As the money owed to law firms reaches record levels, questions are being raised about what needs to happen to reverse this worrying trend.
Smith & Williamson’s analysis of the Top 50 law firms’ accounts, covering the period 2016-2017, indicates that over £5bn (£5.2bn) is owed by clients to law firms and nearly £2bn is sat on the books unbilled.
This is a staggering amount of money left unpaid on all of the Top 50 firms’ balance sheets. Law firms are missing out on nearly £7bn of additional cash flow. This only includes work they have the realistic prospect of being paid for: it is highly likely that many firms have elected to write-off additional amounts incurred in delivering the service, due to inefficiencies.
The amounts themselves are going up: there was a 9% rise in amounts owed and a 6% rise in unbilled matters year-on-year. At the same time, law firms have increased their revenues, but uncollected debts are growing at a faster rate at a time when law firms should be improving their lock-up procedures.
If law firms could simply improve their lock-up by one week, the Top 50 law firms together would receive just under an extra £308m of cash, which could then be used to re-invest in their businesses.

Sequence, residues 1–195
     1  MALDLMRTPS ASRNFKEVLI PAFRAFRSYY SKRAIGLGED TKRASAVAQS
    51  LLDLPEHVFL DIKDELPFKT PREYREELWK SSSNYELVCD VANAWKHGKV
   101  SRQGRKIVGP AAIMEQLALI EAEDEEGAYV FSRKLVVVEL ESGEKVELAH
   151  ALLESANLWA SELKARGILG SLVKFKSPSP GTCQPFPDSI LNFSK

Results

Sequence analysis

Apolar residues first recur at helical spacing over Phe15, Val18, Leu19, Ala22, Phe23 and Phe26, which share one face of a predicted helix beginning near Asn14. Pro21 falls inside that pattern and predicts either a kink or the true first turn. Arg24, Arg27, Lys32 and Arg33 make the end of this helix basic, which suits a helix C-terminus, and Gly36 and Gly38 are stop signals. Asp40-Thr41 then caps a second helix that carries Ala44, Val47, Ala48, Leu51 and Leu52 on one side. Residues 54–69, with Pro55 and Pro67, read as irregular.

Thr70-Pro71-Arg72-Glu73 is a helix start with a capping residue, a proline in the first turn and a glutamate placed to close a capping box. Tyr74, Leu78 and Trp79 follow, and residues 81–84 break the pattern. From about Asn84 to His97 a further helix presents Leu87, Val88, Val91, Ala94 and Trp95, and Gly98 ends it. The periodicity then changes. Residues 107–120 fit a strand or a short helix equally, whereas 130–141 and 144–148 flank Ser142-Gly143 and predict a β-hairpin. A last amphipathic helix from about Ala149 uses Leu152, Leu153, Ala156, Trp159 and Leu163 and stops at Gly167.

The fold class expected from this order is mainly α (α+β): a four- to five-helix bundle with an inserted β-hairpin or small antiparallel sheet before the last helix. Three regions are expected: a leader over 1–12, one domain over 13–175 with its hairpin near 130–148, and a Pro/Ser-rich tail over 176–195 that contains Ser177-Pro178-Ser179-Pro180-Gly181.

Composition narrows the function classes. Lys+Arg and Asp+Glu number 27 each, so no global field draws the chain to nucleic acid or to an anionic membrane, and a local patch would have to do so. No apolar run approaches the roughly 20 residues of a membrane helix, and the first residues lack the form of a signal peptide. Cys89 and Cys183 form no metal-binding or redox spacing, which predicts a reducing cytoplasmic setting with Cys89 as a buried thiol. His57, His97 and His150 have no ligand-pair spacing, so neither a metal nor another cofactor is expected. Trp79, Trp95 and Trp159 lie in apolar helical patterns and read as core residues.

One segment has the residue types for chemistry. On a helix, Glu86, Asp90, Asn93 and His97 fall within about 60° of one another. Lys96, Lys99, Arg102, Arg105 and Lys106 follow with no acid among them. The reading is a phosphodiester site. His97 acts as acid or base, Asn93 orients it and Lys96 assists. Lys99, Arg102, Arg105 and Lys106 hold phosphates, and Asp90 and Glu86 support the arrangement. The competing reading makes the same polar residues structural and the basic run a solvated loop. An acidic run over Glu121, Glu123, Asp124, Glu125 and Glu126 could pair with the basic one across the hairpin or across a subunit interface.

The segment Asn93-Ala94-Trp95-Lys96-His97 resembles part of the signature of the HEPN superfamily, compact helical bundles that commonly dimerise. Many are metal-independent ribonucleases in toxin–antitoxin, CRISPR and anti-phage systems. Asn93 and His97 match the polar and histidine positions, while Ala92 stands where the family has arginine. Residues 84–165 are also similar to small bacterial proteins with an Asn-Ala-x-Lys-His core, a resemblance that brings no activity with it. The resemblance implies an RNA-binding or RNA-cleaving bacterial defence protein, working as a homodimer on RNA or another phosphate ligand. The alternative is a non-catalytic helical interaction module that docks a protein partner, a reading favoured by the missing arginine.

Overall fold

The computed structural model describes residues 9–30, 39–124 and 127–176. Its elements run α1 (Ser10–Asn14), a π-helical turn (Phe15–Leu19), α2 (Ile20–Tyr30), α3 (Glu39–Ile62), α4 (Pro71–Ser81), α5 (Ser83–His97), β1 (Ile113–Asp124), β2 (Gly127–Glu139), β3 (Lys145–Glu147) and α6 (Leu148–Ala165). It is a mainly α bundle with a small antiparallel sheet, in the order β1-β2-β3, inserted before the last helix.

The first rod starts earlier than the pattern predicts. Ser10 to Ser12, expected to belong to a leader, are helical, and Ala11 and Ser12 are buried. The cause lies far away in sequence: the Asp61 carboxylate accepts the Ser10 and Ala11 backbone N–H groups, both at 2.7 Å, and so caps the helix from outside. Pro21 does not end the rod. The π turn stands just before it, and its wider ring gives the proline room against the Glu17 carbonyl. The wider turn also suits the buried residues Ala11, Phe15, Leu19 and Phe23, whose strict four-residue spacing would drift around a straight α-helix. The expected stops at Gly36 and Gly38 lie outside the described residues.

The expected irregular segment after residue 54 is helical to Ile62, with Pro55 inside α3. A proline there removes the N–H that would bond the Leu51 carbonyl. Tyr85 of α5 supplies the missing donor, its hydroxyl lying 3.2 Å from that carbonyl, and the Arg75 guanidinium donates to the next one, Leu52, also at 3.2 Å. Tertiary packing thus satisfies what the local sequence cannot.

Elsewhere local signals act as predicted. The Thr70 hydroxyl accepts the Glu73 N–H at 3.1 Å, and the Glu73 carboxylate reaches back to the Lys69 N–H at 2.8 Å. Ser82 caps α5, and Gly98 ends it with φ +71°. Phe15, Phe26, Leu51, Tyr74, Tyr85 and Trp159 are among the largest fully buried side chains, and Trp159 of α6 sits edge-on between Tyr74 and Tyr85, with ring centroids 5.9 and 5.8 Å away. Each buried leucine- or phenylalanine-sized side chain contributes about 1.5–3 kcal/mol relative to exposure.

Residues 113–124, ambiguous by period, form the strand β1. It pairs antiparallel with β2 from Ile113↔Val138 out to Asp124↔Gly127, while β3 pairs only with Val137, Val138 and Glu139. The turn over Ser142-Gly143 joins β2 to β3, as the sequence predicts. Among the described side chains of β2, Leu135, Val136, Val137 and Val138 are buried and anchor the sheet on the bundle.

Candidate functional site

Rising debtor days causing problems
However, it is not so much the amount that is worrying for the sector but rather the time taken for bills to be paid.
Debtor days, the time between a bill for work being issued and then paid for, has increased to 122 days. This is a two day rise on the previous year, which itself was a two day rise on the year before.
While two days does not sound like much, it is going in the wrong direction, from a very poor starting point. What other service industry allows their customers to pay, on average, over four months after the invoice has been raised? So why do law firms suffer this?
In part, they allow this to happen because it has always happened. For partners with pressure to produce work and generate business, it can often be a struggle to get them enthused to focus on the need to invoice and collect debts.
The system works until it doesn’t
Understandably it is hard to find the motivation to fix a system that on the face of it is working, particularly in law firms where there may be other, perhaps more pressing matters to deal with. However, the economic situation for all businesses is potentially quite uncertain and the ability of law firms to survive an unexpected shock might be questioned. Based upon research across the Top 50 law firms, the total net cash position of all the firms would be insufficient to pay the next month’s wages.
Firms are therefore entirely reliant on their clients continuing to settle their debts. Not only is this position gradually getting worse, it makes the ability of a firm to deal with the unexpected that much harder.
By necessity, this briefing can only provide a short overview and it is essential to seek professional advice before applying the contents of this article. This briefing does not constitute advice nor a recommendation relating to the acquisition or disposal of investments. No responsibility can be taken for any loss arising from action taken or refrained from on the basis of this publication. Details correct at time of writing.